This is particularly true for future systems that entail smart, untethered microbots targeting cancer cells directly – making them closer to drugs than robots, perhaps. According to UK-RAS, there are lessons to be learned from the deregulation in HIV treatment that successfully sped up innovation in the United States in the early 90s.
Private vs Public
However, the differences between the publicly funded NHS in the UK and privatised healthcare in the US are stark, and may pose challenges for the future development of robotic systems.
Wealthy private hospitals in the United States were able to acquire the da Vinci robot primarily to showcase their technological proficiency. This drove early adoption and increased demand for the robot by hospitals first, and patients second.
The cost of using the robot, further, could be offloaded directly to the patients or insurance companies through increased hospitalisation and surgical fees. In contrast, such an approach was more complex to implement within the NHS structure in the United Kingdom.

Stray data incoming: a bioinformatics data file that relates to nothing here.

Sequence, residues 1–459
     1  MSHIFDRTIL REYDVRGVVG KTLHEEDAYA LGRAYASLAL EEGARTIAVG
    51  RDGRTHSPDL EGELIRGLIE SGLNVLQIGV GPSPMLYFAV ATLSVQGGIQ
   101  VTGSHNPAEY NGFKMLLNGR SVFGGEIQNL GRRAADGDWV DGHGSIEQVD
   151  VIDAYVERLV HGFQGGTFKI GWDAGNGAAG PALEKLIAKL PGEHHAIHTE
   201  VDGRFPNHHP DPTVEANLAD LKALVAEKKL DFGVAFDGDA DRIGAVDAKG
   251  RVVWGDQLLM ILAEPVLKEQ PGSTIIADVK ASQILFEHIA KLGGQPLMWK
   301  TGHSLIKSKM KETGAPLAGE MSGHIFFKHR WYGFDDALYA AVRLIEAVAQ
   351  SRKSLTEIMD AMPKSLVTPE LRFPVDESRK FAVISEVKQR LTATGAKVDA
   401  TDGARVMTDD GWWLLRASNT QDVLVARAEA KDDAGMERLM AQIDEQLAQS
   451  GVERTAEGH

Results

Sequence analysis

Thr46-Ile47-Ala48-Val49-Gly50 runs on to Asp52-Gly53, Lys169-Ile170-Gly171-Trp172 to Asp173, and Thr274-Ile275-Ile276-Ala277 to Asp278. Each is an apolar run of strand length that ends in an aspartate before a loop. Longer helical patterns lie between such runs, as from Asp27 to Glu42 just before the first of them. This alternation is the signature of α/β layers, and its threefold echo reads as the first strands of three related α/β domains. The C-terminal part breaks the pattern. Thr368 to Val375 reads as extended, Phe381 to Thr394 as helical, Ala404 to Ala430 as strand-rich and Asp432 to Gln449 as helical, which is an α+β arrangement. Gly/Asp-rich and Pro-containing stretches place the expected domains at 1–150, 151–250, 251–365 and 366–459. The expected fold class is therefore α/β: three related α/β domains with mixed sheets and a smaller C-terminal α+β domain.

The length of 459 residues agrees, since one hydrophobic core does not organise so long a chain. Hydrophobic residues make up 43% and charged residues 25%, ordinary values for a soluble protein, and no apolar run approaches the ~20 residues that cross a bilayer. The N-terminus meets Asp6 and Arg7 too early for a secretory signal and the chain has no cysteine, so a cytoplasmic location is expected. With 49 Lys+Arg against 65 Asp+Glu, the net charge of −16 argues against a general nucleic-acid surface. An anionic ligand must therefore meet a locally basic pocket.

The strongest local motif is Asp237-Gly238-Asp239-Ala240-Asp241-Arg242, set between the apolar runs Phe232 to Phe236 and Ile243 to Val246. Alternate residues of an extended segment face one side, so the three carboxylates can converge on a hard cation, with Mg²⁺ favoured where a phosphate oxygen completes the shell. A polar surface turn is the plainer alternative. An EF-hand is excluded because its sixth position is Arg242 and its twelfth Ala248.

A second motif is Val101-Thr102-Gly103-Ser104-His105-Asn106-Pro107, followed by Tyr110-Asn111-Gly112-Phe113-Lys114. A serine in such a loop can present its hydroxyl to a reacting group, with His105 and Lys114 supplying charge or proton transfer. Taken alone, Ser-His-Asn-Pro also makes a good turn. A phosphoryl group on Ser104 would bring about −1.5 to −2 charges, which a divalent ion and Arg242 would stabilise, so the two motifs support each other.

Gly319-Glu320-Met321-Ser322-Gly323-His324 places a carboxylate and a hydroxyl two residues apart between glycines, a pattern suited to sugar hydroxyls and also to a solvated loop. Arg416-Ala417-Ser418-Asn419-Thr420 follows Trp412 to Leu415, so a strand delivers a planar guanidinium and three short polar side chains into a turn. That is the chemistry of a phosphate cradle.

In the public funded NHS, the cost could not be offloaded to the patients, but would have to be funded from the national budget. Hence, early adoption in such government-regulated domains is much more challenging.
There are other related issues. Rather than making proficient surgeons better, UK-RAS argues that robotic surgery is likely to improve the overall consistency, safety, and quality of care. It would also make long procedures less strenuous for both patient and doctor. However, these improvements would come via the significant capital cost of the robot, and the recurring operational cost of the associated tools, maintenance, and energy usage.